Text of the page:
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Keeping the Wolf from the Door of 76K Maine Seniors: Social Security

GRAPHIC: Without their Social Security benefits, the number of Maine seniors living in poverty would jump by 36 percentage points, according to a new report. Courtesy CBPP
GRAPHIC: Without their Social Security benefits, the number of Maine seniors living in poverty would jump by 36 percentage points, according to a new report. Courtesy CBPP
November 11, 2013

PORTLAND, Maine - Without their Social Security benefits, the number of Maine seniors living in poverty would jump by 36 percentage points, according to a new report.

In these difficult economic times, said report author Paul Van de Water, a senior fellow at the Center on Budget and Policy Priorities, Social Security prevents 15 million seniors nationwide from falling into poverty. Eliminating those benefits, he said, would produce a major jump in senior poverty.

"In Maine, the poverty rate among the elderly is only 8 percent, taking account of Social Security," he said. "But if there were no Social Security, the poverty rate would be 44 percent - fully 36 percentage points higher."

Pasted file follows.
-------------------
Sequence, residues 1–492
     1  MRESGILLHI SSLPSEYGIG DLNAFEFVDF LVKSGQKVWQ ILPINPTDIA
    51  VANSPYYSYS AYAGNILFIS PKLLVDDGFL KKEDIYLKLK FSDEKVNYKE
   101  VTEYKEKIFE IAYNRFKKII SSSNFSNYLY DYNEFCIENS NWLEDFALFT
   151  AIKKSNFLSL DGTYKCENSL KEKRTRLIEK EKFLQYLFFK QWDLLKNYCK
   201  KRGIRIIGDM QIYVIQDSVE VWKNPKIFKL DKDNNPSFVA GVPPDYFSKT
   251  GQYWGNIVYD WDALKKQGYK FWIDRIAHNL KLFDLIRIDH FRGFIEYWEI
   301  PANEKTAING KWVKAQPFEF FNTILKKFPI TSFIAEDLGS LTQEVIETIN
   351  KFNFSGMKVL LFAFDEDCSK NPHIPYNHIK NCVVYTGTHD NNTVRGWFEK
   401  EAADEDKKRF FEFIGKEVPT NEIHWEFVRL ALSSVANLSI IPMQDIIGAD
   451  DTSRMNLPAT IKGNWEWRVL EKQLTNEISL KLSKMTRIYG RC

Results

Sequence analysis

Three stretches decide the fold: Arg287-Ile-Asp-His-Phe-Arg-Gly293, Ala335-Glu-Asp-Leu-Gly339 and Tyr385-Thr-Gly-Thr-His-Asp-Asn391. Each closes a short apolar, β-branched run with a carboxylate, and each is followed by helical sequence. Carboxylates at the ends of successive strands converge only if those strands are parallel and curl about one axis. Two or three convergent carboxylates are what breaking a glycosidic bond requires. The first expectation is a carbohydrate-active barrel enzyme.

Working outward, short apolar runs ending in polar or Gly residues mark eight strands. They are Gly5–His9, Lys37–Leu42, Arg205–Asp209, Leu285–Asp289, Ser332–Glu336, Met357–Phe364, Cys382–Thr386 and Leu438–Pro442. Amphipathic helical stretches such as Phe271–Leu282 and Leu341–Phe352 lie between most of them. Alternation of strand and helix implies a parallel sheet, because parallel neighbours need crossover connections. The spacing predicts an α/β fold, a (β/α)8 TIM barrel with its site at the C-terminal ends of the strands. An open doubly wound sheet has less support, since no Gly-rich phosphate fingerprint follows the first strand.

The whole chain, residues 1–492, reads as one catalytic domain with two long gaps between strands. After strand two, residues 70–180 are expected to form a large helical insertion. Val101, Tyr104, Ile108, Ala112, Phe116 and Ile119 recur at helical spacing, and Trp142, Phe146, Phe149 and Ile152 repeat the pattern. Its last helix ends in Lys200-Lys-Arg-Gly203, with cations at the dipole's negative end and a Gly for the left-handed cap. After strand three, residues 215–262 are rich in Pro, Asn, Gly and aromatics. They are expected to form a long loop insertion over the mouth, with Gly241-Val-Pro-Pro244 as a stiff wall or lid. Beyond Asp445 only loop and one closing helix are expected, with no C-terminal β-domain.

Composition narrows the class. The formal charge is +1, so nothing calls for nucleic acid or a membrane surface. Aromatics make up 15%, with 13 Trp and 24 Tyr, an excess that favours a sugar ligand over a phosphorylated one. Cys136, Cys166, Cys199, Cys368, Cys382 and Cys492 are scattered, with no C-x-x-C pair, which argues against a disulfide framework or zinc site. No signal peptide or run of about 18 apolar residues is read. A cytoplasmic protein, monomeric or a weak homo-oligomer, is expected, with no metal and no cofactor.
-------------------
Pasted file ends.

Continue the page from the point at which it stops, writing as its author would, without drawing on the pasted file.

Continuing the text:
All told, he said, Social Security is preventing 76,000 Maine seniors from falling into poverty. In addition to being a reliable source of retirement money for people at all income levels, he said, those benefits now are the primary social safety net for older folks.

One of the most talked-about proposals for trimming Social Security - the so-called "chained CPI" - could be especially hard on older people already living near the poverty line unless provisions are made to protect them, Van de Water said.

"If that were done, we think it would be particularly important to make sure that there was some protection provided for the lowest-income Americans, and for people who have been on the benefit rolls a long time and therefore would be the most likely to be affected by that proposal," he said.

The report, "Social Security Keeps 22 Million Americans Out of Poverty: A State-By-State Analysis," is online at cbpp.org.

Mark Scheerer, Public News Service - ME